Skip to main content

ASU to host inaugural Carbon Summit

Student-led initiative aims to accelerate sustainable solutions for common good

Graphic illustration of a desert landscape with cacti, buildings and a setting sun.

Illustration courtesy of Jason Marmon

November 03, 2023

Arizona State University President Michael M. Crow has called for "heroic sustainability" from academia, and ASU is taking a leadership position. 

A big question remains, though: How does ASU become the first fully sustainable university?

A graduate student is helping create a roadmap to get there.

Jason Marmon has spent over a year organizing the inaugural Carbon Summit, which will be hosted at ASU's Rob and Melani Walton Center for Planetary Health on Nov. 15–16.

“The desert is a very energetic ecosystem, centering around sunshine and a delicate ecological balance. I believe the desert will respond well to proactive conservation strategies,” said Marmon, a management intern for University Sustainability Practices who is studying for two concurrent master’s degreesMarmon is pursuing M.S. degrees in Innovation and Venture Development and Applied Sustainability Solutions. . “Phoenix is the heart of the Sonoran Desert, the most prolific desert on Earth. Phoenix is also the hottest major metropolitan city in the United States, meaning we have a big need, so naturally, there’s an opportunity to lead and reimagine how solutions drive support for growing communities, capacity and resilience; it’s just what needs to be done.”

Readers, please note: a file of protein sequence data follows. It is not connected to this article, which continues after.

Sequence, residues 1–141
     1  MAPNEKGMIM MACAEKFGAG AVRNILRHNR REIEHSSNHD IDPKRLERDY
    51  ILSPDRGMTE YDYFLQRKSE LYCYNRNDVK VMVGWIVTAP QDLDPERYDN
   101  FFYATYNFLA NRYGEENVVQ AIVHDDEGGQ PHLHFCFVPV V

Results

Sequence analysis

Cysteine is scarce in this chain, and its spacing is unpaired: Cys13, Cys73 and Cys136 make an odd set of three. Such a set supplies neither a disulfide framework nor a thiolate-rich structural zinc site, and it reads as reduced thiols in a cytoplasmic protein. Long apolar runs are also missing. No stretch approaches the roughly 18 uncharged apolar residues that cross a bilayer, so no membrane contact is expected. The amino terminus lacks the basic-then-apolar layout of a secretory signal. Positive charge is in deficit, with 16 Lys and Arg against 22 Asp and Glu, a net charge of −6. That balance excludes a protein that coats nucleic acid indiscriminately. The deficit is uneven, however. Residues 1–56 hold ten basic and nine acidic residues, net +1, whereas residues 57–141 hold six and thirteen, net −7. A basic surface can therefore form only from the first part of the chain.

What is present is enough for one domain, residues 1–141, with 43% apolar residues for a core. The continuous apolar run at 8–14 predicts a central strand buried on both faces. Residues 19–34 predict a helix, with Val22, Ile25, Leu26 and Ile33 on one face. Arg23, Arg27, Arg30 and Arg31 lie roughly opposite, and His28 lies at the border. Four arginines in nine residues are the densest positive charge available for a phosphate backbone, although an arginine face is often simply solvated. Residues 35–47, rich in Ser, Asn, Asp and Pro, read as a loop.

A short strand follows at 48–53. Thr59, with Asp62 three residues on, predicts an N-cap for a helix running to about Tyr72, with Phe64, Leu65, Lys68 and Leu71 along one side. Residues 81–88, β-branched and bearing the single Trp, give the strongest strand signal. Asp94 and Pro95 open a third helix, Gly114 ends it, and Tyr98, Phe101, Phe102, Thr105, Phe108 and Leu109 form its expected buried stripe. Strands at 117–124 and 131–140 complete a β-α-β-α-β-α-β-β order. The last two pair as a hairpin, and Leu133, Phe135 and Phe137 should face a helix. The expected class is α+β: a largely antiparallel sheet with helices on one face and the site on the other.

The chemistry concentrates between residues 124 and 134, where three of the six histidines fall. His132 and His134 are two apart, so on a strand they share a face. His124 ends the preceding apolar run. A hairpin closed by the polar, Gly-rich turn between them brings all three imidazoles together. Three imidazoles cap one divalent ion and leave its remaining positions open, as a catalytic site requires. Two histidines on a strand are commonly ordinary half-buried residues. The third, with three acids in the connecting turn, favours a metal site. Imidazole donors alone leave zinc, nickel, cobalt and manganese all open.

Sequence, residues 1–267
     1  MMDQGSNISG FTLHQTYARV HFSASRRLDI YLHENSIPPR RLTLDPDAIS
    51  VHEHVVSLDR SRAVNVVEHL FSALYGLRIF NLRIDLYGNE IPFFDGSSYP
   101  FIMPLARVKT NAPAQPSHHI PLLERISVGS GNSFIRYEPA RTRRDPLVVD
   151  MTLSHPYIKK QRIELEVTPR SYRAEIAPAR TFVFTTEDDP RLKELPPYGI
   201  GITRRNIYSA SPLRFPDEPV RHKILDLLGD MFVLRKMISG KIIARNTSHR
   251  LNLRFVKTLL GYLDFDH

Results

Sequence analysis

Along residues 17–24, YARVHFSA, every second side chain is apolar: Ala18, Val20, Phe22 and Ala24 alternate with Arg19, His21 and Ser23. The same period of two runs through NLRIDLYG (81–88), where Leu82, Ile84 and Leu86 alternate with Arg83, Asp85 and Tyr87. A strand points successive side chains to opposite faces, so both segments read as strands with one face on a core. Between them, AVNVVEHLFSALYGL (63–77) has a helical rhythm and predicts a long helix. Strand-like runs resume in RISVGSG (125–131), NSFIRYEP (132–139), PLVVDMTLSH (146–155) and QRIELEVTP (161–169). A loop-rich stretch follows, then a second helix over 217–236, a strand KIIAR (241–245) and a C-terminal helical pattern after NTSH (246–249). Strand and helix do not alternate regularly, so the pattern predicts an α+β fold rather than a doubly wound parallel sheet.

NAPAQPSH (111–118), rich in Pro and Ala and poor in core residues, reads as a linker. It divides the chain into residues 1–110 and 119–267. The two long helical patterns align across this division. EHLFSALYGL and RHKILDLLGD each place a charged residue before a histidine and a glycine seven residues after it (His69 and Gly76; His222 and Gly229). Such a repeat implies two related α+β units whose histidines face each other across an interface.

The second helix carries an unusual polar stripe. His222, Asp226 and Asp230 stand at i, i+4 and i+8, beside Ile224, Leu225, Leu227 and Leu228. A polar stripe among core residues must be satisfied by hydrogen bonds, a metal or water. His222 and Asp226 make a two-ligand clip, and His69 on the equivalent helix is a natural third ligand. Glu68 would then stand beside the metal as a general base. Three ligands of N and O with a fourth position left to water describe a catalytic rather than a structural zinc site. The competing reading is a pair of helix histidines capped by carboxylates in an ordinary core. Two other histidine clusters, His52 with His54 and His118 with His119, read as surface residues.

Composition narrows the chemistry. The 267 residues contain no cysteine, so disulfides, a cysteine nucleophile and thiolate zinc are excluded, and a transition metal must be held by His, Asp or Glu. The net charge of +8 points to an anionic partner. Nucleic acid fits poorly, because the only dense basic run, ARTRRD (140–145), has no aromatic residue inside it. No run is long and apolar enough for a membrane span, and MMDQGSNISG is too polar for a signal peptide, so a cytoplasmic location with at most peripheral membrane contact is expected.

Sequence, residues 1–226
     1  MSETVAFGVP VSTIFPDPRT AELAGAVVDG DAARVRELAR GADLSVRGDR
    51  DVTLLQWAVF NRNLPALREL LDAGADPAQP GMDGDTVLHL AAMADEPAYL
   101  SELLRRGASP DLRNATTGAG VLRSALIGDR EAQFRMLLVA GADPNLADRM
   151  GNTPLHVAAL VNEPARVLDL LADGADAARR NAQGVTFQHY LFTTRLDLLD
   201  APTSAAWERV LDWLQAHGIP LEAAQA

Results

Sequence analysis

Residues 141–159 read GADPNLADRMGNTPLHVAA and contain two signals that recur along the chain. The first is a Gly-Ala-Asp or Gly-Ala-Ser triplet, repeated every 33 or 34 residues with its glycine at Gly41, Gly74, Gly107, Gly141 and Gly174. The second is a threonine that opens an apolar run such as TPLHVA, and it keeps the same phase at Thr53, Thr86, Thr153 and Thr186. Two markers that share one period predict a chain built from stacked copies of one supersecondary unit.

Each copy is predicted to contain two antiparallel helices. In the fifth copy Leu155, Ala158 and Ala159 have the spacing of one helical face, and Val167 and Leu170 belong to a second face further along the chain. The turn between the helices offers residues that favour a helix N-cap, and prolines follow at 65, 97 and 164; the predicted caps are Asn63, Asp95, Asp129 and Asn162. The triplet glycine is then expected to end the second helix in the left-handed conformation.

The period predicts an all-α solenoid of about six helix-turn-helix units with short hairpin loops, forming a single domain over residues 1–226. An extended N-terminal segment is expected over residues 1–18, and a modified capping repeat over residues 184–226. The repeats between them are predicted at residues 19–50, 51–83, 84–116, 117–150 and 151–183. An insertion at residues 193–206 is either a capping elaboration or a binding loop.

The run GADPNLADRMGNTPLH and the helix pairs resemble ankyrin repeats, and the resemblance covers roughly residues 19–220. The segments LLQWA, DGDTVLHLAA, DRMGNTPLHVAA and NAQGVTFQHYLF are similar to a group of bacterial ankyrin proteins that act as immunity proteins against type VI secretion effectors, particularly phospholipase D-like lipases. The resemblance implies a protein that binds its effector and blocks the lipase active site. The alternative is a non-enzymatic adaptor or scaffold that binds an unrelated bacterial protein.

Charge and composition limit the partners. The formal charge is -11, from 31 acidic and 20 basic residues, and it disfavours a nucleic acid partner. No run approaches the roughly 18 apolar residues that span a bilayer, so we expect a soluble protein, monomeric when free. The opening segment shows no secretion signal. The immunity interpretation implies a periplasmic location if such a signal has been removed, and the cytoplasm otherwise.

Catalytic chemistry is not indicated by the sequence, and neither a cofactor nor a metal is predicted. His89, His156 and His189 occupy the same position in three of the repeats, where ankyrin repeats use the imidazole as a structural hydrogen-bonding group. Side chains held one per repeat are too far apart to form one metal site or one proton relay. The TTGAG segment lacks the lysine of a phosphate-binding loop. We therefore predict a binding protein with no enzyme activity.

The Carbon Summit will serve as a discovery marketplace, showcasing sustainable solutions across five themes: food systems, energy transitions, circular economies, climate adaptation and sustainability. The focus on these themes aims to frame climate change challenges while promoting actions to balance carbon and desert futures.

Marmon took some time to speak to ASU News about the Carbon Summit event and his goals for the event.

Note: Answers have been edited for length and clarity.

Man in hat